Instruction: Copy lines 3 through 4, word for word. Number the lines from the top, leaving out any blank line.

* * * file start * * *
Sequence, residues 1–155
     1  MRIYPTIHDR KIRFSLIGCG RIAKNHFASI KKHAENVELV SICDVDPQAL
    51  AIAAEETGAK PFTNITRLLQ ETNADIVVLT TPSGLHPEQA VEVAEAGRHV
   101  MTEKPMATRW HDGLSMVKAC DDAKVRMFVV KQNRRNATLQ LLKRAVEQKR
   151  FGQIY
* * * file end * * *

    51  AIAAEETGAK PFTNITRLLQ ETNADIVVLT TPSGLHPEQA VEVAEAGRHV
   101  MTEKPMATRW HDGLSMVKAC DDAKVRMFVV KQNRRNATLQ LLKRAVEQKR